Craig Phinn dubs himself as the “Profitability Strategist,” where he coaches small business entrepreneurs and advises corporate clients on how they can grow their businesses faster and consistently. Phinn is no new-comer to the business world, especially since he spent 10 years in Corporate America working his way from the bottom in the administrative capacity and moving his way up to become the head of finances, administration and investments for companies.
Phinn was raised by his single mother in South Bronx, New York. As a youth, he was interested in the typical things that most children were into. He enjoyed sports, such as competitive gymnastics, basketball and also had a secret interest in figure skating. However, Phinn also had one other interest that was not so typical: his interest in an inner conviction to create a better life for himself and his family, somewhere other than the South Bronx. “I can say now being more mature, that my goals and my desires were far ahead of my age and my capabilities at the time,” Phinn said.
His youthful ambition led him to also desire more challenge. Phinn was a straight honor student from junior high to high school, but at the age of 16, he decided to drop out, particularly because school did not fuel his desire to excel. Phinn also had many distractions in his way. “I wasn’t happy at school, I wasn’t happy at home and now that I am older and more self-aware, I can realize that I wasn’t really happy with myself at that age,” he explained.
Growing up, his mother was the first example of business ownership since she built her business from her South Bronx apartment and had people working for her within the city. Being exposed to it as a young child sparked his interest in pursuing business as well.
Once Phinn left school, he started his first business. He knew that if he wanted to fulfill his desire to move out of the South Bronx and provide a better life for himself and his family, he knew he was going to get there with a business. With the help of his sister, who he employed as his free secretary, he launched his events management business. This proved to be a challenge for him, since it did not take off. In fact, Phinn had a few start-up businesses in his professional career that failed, but with a good amount of analysis, he was able to pin-point what was causing it.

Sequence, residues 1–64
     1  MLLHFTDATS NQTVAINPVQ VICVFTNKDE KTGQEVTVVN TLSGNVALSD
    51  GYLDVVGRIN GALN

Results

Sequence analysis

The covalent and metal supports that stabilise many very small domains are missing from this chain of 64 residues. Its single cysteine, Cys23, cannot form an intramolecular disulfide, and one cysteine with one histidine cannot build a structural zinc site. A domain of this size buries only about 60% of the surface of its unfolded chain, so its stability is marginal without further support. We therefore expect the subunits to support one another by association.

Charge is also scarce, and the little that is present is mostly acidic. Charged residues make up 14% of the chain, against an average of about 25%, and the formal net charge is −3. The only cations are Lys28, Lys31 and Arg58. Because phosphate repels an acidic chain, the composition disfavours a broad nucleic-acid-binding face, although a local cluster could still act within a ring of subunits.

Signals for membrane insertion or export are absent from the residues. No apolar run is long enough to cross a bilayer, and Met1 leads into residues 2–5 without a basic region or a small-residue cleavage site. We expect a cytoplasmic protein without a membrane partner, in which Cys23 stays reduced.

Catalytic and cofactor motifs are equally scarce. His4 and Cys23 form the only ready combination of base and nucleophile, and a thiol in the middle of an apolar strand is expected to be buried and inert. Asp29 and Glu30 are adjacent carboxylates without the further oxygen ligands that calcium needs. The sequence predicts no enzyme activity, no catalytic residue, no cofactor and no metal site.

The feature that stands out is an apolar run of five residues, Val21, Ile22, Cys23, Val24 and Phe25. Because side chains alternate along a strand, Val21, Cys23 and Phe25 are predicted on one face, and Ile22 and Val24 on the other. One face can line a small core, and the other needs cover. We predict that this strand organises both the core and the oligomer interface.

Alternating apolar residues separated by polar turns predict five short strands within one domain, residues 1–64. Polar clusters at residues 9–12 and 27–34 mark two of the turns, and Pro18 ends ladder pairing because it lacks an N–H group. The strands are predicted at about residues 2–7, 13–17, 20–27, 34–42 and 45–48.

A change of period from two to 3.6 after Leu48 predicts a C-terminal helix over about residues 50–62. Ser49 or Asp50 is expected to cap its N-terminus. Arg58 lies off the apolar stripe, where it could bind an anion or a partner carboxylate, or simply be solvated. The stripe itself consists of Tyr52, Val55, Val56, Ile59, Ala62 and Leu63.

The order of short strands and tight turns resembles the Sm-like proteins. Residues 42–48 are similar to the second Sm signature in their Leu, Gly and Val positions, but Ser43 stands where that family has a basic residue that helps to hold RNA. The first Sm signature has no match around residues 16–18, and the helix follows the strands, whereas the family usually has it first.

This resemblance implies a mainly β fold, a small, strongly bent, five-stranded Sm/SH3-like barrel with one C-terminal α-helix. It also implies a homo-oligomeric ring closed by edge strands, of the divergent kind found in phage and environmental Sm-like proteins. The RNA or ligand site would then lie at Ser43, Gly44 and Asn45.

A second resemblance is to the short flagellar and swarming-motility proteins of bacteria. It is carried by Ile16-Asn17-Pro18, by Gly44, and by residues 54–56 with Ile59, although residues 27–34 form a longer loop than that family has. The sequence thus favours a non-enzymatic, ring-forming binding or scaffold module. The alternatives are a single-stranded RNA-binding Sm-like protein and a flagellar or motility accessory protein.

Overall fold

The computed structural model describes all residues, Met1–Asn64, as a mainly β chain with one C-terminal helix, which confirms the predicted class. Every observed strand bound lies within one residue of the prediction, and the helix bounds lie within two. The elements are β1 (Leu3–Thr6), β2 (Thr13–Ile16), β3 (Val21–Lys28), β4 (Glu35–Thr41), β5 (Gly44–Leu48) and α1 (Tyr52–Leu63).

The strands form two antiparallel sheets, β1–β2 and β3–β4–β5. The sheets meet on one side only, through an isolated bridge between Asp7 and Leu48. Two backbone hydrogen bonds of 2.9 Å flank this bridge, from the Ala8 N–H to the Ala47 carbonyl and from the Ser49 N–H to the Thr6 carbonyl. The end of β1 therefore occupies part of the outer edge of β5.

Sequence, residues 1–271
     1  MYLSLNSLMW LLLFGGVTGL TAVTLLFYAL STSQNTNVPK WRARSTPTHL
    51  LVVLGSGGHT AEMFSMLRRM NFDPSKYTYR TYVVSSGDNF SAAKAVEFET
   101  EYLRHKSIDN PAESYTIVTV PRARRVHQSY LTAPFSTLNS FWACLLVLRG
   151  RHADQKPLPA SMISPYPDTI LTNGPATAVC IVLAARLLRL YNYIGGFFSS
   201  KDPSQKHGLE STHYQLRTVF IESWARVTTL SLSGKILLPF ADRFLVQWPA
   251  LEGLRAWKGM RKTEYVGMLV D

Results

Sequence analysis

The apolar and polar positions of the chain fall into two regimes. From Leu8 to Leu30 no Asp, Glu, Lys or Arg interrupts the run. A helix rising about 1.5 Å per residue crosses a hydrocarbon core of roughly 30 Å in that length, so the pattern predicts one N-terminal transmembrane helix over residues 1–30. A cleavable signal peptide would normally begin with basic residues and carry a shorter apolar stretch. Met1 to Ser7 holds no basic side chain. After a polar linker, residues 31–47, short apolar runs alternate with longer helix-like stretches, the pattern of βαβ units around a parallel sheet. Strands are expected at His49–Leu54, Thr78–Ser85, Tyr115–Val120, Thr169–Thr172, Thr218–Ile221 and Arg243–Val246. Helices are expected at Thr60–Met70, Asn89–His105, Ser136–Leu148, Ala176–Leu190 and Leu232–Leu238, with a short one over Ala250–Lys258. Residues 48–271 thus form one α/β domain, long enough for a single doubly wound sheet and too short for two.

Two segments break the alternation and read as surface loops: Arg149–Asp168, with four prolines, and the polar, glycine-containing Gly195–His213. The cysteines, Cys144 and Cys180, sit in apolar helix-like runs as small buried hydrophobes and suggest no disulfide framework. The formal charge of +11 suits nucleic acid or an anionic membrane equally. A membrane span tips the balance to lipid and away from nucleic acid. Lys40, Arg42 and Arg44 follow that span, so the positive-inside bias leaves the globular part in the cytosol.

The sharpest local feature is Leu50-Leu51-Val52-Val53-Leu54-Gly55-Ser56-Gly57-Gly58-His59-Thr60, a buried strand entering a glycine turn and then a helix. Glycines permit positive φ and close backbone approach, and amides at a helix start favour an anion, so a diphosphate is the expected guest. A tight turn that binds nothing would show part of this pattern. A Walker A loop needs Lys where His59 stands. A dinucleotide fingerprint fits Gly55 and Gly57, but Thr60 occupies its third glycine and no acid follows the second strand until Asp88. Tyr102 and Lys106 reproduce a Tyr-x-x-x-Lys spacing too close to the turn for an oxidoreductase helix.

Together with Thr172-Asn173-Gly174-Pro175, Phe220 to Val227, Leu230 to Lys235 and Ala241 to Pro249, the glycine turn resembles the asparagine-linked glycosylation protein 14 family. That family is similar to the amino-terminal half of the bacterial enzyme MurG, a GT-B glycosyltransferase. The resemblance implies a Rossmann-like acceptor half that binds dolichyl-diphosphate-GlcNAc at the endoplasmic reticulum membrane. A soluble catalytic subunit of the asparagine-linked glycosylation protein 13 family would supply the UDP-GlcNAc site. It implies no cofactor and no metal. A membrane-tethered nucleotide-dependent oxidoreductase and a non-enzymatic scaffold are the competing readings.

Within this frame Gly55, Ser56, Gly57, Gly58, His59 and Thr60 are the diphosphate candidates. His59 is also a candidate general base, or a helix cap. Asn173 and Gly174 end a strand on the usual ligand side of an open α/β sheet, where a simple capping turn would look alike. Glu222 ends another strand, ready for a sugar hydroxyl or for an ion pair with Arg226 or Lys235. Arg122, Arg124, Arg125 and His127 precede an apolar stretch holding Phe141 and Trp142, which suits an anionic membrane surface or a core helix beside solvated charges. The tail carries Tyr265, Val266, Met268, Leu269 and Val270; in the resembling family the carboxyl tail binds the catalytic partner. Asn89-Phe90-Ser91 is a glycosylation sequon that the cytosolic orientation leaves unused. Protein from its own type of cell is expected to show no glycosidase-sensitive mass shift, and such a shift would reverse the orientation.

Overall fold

Phinn decided to return to school and he began his journey to find happiness and fulfillment once he was in college. “That was a time when I was independent, working and living on my own and it was a time for me to really just be me. It made me think about what I wanted in life and dealing with what I already had going on in life,” Phinn said.
Seeing that he is a coach to many small business owners, he places a great value in mentorship. One of the best pieces of advice that Phinn gives to entrepreneurs and business professionals is that, to succeed in either building your own company or climbing up the corporate ladder, you need a mentor or a coach to guide you and provide you with objective guidance. “I started out alone and learned very quickly that it was not the route to go. Do not go on the journey alone,” said Phinn.
Phinn also emphasized the importance of preserving the image of your brand. In 2010, Phinn was invited to be part of the show, The Apprentice, but he turned down the offer. Phinn explained that while the show is phenomenal and the opportunity could have taken his name further faster, he was not willing to take the risk and forfeit control over how production would have depicted his image.
A day in the life of Craig Phinn is one long day. He is up at 5 a.m. every morning, checking his emails immediately to stay updated, getting ready for his work day, reflecting and giving thanks for being up another day to live his dream and help others live theirs, and also spending some time with his two-year old son before he heads off to the gym and his office in Atlantic Station.
His workdays are usually filled with calls, coaching and advising clients and companies.
Phinn refers to business as his first love; part of what he enjoys doing is sharing advice with others so they can also learn to love business. “We are in a day and age where we have lost our ability to move forward,” Phinn said. He explained that even with the way things are going in the marketplace and with the economy, now is the best time to start a business and to be in business. He provides some advice for young people interested in entrepreneurship. “Go for it. That’s how I’m raising my children. If you are thinking about working and doing it for somebody else, you can do it for yourself.”
Phinn lives by a motto that has led him on a journey to live out his dream: “Everything you want is on the other side of fear.”
Atlanta Free Speech salutes Craig Phinn.
To learn more about Craig Phinn, check out his website here.
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